Well, I think you can live in a building that you have no hand in designing and still feel at home there. There is no necessary relationship between a good house and a house you built yourself. It’s rather like literature, some people might go, “I’m bored of reading other people’s books! I want to read my own books because only my own books will express my own unique character!” And then you start to write a book and it becomes terrible and then you start to realize often it is the books of others that are best able to express your own individuality.

The same is true of architecture: that you can get buildings, which are not built by you, but nevertheless can speak to you and can speak much better than anything you could do. So this issue of individuality is multifaceted.

What do you think of graffiti?

I think of graffiti a little bit like I think of garden gnomes -- I respect the kind of impulse, but I think the result is often very poor. So the impulse to graffiti is about asserting your own individuality, it’s about coloring your neighborhood, it’s about adding life to a place that can seem lifeless, etcetera. But on the whole, most graffiti ends up looking aggressive and frightening to most people. It’s a closed language. It’s not, generally, very welcoming or interesting.

But it’s worth thinking about why people do it. Could there be a better version of what people are trying to do with graffiti? It’s a response. People tend to graffiti horrible places. That tells us something

Do you think the flavorless urbanity of Tokyo is the inevitable future of the world cities?

Optimistically, I’d say it was what the 20th century was about, and optimistically, perhaps some lessons have been learned. This vision of the clean lines of office buildings -- people realize those place are dead. They are dead places. They don’t have the qualities we like.

And in terms of real estate, they’re not even that valuable because people don’t really like them. They’re efficient but they are soulless. If you’re trying to site an advertising agency or film studio or anything vaguely creative -- they’re not going to want to work there. They’re going to want to work where there is life. So hopefully through market mechanisms people will realize this.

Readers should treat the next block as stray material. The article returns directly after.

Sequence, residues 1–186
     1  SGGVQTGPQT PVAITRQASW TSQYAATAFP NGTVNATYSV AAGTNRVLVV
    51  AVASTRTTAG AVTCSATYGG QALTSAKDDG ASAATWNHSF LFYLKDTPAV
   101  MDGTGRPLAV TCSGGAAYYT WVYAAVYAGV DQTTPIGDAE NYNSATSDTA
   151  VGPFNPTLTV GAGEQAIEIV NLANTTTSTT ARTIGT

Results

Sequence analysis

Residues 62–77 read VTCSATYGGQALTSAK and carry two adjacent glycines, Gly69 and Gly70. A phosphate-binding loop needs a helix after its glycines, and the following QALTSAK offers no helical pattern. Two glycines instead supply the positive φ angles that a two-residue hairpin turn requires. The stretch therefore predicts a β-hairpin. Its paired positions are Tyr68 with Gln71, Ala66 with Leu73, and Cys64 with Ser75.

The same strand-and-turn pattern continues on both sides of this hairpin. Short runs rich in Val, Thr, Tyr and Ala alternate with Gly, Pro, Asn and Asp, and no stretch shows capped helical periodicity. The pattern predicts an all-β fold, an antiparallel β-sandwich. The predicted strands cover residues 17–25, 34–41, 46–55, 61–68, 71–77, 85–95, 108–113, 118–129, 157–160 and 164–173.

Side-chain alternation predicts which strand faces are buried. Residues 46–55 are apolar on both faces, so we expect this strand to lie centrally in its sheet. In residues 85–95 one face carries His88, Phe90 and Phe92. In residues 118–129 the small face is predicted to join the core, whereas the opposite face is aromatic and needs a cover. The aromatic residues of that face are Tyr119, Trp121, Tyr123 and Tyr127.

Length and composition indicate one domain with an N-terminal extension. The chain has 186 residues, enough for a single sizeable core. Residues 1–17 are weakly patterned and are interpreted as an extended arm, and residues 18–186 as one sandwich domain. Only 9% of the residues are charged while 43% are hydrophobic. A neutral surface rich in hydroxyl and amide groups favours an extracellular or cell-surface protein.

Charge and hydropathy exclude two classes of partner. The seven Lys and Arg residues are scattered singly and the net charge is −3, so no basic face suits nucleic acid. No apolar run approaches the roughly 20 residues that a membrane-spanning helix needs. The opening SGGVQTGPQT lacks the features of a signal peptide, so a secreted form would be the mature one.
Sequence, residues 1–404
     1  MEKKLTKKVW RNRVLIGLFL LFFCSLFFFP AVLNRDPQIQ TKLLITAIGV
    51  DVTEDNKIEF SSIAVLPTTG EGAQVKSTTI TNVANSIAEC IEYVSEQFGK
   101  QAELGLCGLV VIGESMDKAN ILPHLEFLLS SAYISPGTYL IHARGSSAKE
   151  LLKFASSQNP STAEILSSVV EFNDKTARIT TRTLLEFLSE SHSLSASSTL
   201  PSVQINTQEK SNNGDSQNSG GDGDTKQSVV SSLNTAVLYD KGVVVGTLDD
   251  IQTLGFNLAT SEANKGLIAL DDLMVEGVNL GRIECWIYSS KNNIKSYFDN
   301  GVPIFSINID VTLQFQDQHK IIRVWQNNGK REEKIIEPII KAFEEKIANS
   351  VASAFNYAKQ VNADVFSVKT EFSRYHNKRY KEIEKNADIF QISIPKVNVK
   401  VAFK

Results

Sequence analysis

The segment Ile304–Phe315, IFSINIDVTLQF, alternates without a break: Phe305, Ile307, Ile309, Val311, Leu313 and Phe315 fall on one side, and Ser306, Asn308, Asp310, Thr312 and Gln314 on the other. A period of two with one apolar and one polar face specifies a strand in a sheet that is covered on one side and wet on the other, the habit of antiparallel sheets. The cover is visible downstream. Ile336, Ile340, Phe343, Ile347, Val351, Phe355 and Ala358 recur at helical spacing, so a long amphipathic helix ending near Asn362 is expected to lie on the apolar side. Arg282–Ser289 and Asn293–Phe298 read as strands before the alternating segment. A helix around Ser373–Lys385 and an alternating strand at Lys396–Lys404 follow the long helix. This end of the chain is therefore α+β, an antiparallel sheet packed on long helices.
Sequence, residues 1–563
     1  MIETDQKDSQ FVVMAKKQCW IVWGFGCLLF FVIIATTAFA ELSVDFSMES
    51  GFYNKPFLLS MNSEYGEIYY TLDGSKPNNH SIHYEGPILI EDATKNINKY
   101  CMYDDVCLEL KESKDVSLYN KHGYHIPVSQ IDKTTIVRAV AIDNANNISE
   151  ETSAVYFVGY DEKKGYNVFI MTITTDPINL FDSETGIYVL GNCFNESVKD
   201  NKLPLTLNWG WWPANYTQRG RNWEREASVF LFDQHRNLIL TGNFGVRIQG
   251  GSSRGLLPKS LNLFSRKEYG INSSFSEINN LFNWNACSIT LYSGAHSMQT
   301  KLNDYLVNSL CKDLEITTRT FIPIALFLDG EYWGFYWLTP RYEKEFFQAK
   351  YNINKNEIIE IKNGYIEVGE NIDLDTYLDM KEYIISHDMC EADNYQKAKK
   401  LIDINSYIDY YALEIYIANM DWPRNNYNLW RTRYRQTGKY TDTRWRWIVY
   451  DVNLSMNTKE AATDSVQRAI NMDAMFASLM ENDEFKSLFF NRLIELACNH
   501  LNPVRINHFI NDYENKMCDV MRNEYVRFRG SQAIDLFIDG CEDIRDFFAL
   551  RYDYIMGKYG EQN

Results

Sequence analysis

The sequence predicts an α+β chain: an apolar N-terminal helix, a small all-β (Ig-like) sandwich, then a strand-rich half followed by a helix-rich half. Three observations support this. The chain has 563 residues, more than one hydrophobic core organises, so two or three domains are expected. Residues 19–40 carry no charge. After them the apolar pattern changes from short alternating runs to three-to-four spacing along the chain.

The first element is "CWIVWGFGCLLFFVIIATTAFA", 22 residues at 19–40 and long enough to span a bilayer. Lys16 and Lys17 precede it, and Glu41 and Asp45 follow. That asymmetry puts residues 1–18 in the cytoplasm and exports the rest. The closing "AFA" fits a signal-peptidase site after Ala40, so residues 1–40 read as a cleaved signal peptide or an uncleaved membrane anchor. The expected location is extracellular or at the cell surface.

Take Frankfurt, which is really ugly, just a series of towers. Frankfurt is one of these least visited cities in Germany -- never a tourist hotspot anyway. But it’s particularly a no-go because it’s so ugly. The mayors of cities realize this. They sort of think, “Hey, why is it people go to Amsterdam? It’s not that great!” Hopefully they realize there is a raffish street-life there. There is life and that is what people want.

Your descriptions of Japan were among the more memorable -- the mock Dutch village in particular.

[Yes,] there is a strange Japanese businessman that built an entire Dutch village in Nagasaki -- a fake Dutch village. It looks very odd and anyone who goes there immediately thinks, “Hmm, it’s kind of weird.”

And I wanted to explore that feeling of, “Hmm, it’s kind of weird” because I think it goes right to the heart of something we want from architecture, which is that it should in some way be attuned both to its place and its time. It should pick on certain themes that are both local and of the particular period. Otherwise it can sound as weird as someone who loves Shakespeare turning up in a wig and garters and wandering around.

It’s not to do with disrespecting the past -- not simply wanting to mirror old buildings -- but to acknowledge that time changes. The interesting thing about the Romans and many people who believed in the classical tradition: they actually didn’t believe that times changed. Or if they did change it wasn’t important change, it was incidental change. Nowadays we very much do believe that times change. We talk about decades and centuries as having particular characters.

We are changing now; very, very fast. It can be useful if buildings are alive to that. Not desperately alive -- not trendy or up-to-date in the most vulgar way -- but it should keep its ears open.

So how is that idea of change different from your request for balance -- the idea that oftentimes aesthetics compensate for a cultural lack of some quality?

All ages are unbalanced and lacking things. It just depends on what happens to be lacking in a particular age. At the moment in Russia, the dominant taste in interior design is very golden, ornate, and excessive. Give Russia another twenty years of prosperity and that style will really go out the window. We’ve seen very much a boom-years style.

My Eastern European friends always joke that it’s because they never had the '80s.

But American had its '80s before the '80s -- the 1880s -- there are always boom times and retrenchments.

And now Americans “go green.” What do you think of the environmental movement?

It has gone from a minority interest to something anyone other than the mad are concerned with. That being said, I don’t believe the only thing a building should be doing is saving energy… My view is that all buildings should be green, but that doesn’t mean they should look green. A school of Australian architects will, for example, put the water tank on the roof and the solar panels are made very obvious. They are trying to make the equipment of green architecture visible and part of the appeal. That’s kind of interesting but that’s not the only way to go.